A collection of dire wolf skulls

This image shows fewer than 400 of the 1600+ dire wolf skulls found in the La Brea Tar Pits — natural seepages of asphalt that trapped thousands upon thousands of animals over centuries. Like most of you, I was familiar with what the tar pits were. But, until I visited last week, I hadn't really had a grasp of just how many animal remains have been found there. Seriously, the place is lousy with bones. As in, chunks of partially excavated asphalt look more like jumbles of bone held together with some hardened goop.

For the record, dire wolves really did exist, and they really were larger than modern wolves — but not as much larger as you might imagine from reading Game Of Thrones. There's a lot of overlap in the Bell Curves here, with the average dire wolf probably having been about the same size as the larger specimens of modern grey wolves.

Meanwhile, there are people trying to breed a dog that fits the fantasy of pet dire wolves — really big, really wolfy, and yet somehow well-behaved. It is not, however, terribly like the real-life dire wolf, in looks or genetics.


  1. I love the La Brea Tar Pits, but I feel like the place hasn’t changed significantly since the early ’80s: is that true?  I went recently and felt like they had all the same animatronics and skeletons that I remembered as a five-year-old.

    Which reminds me, are they selling those saber-tooth salad tongs yet?  They were just a prototype in the lab when I was there last.

    1.  It’s changed a bit.  The gross bit of tar ooze in one of the main lawns that I stuck my hand in accidentally (while eating lunch) on a elementary school trip, then told a docent about, is now an excavation pit.  Yeah, no credit at all for “discovering” that one…

      1. Shouldn’t the credit for discovery go to the critters who got stuck there first, thus luring in all those wolves?

    2. I went recently and felt like they had all the same animatronics and skeletons that I remembered as a five-year-old.

      Is that bad?  Some things don’t need to be updated.

    3. I went recently and felt like they had all the same animatronics and skeletons that I remembered as a five-year-old.

      Ice age animals haven’t changed that much since the 80s. Dinosaurs are another story: I remember when they were still monstrous lizards instead of oversized chickens.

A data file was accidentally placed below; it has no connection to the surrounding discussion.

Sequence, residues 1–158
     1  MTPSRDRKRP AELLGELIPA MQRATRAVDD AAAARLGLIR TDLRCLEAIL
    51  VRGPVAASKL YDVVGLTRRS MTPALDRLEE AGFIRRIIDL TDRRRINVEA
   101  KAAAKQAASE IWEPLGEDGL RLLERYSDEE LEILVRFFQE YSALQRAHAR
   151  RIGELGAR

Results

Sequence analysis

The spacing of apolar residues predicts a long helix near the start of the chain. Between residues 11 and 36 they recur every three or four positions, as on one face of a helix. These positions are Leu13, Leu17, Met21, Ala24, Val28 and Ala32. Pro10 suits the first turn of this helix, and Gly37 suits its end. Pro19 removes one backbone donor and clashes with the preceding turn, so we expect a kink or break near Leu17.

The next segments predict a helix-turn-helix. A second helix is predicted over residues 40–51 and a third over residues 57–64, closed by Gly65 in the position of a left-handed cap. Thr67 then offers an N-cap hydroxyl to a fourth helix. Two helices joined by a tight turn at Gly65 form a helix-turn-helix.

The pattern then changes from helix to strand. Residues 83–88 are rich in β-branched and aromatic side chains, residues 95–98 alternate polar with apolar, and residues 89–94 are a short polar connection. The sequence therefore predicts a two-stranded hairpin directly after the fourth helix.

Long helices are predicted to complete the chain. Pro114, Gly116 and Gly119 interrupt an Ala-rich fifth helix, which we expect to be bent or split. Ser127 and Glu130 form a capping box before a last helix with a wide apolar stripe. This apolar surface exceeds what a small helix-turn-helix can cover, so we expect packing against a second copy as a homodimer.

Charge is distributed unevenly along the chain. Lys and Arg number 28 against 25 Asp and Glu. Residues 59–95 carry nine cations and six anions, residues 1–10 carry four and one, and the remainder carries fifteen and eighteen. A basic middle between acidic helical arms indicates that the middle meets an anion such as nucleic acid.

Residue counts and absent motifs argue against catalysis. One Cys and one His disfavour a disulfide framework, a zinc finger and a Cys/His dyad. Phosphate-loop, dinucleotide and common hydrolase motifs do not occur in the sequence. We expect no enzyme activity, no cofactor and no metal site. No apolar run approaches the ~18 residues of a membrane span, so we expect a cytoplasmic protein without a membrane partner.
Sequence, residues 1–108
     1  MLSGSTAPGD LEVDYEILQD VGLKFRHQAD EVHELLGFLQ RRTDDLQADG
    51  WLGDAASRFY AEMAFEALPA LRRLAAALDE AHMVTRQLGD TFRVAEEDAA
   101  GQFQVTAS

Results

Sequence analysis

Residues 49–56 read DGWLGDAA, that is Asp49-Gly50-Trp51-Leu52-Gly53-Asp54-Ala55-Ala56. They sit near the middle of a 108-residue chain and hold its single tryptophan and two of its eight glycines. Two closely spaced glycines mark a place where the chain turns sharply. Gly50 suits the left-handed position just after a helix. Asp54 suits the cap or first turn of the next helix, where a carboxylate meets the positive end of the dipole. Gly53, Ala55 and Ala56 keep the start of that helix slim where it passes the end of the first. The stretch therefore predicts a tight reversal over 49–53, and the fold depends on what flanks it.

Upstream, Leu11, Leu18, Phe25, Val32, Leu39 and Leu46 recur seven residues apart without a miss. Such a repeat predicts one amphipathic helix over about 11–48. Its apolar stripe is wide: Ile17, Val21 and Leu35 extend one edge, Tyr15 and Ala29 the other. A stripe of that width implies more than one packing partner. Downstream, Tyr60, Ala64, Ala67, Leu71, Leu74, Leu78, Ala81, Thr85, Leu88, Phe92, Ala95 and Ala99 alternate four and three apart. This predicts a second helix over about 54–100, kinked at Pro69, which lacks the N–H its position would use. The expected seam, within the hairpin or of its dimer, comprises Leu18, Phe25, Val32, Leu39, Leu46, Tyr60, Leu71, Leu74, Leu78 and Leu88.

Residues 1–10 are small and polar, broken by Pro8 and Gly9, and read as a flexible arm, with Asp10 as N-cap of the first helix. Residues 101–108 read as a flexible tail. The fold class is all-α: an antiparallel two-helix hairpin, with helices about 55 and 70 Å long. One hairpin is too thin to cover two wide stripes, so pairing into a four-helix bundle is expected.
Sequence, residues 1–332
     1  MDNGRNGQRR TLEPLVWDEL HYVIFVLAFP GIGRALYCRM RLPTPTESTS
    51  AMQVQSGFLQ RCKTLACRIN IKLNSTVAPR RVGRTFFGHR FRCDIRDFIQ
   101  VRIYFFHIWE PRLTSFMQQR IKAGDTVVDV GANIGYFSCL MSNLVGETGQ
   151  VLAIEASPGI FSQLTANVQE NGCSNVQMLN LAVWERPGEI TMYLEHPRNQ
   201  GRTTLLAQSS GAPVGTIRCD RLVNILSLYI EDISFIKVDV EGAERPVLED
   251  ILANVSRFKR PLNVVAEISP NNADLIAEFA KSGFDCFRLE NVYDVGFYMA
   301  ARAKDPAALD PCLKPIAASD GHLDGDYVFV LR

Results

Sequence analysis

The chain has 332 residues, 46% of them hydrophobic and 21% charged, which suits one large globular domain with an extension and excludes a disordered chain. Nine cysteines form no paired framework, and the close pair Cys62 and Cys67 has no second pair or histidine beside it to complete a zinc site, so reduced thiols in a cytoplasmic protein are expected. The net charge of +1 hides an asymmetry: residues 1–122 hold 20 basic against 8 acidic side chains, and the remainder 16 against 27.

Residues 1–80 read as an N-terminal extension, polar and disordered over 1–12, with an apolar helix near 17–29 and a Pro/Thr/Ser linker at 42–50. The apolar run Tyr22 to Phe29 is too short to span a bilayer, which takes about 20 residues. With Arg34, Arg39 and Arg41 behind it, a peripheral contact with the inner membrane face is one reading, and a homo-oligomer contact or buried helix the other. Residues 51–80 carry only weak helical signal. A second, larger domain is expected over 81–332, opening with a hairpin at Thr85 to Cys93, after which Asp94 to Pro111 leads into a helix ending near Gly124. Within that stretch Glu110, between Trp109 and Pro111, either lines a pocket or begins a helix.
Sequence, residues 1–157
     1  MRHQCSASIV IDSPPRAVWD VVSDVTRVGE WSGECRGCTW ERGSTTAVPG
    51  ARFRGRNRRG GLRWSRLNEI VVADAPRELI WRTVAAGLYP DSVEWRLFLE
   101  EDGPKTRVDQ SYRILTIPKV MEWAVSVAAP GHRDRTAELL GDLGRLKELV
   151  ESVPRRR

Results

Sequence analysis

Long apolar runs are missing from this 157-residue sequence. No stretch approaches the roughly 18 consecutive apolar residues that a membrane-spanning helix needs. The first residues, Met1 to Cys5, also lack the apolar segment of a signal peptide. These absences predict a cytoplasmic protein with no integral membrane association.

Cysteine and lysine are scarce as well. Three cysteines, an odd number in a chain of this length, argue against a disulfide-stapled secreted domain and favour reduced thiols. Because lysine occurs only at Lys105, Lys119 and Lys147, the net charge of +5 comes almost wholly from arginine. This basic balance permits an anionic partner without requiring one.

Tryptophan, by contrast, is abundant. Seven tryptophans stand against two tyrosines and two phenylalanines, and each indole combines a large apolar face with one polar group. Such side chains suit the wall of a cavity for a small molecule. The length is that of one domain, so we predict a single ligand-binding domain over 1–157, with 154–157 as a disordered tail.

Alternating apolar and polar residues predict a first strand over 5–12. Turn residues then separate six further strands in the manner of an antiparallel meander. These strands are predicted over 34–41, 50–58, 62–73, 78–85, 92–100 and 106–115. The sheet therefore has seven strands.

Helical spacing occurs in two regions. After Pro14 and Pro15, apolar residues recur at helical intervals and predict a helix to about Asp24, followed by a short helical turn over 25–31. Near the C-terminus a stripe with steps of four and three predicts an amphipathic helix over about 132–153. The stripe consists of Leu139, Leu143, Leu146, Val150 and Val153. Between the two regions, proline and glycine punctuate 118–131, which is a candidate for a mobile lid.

2. A recent BBC documentary by Dr Alice Roberts visits the store rooms containing the thousands upon thousands of bones they’ve (so far) dug out. The last episode was on last night so all three are on the iplayer to stream for another six days – http://www.bbc.co.uk/programmes/p018c9fm

  3. I haven’t been there since I was two years old. I’d like to see it now that I  can actually understand it. I really want one of those dogs and some replica skulls.  

    Are the tar pits still at the intersection of Pico and Sepulveda?

        1.  Ah, didn’t even occur to me that this was a “mystic knights of Oingo Boingo”/forbidden zone reference.  My bad.

    1. “Game of Thrones” related factoid: the Spanish explorers who first documented those dire wolf-filled pits also established El Camino Real (“The King’s Road”).

    2.  Yes, that happens time and time again when one language slowly supplants another in the same geographical region. My favorite is
      Torpenhow Hill in northwest England, whose name translates as HillHillHill Hill.

    1. That makes sense. When you only have six days to create and populate a whole planet you have to cut corners somewhere.

  4. What I found more impressive was that they have enough Sabertooth skulls to show the sequence of tooth replacement from infant to adult.

    There’s a LOT of skull erosion involved to bring in a new tooth that size without ever depriving the smilodon of a working set of weapons. I somehow suspect that a teething sabertooth was NOT a happy animal.

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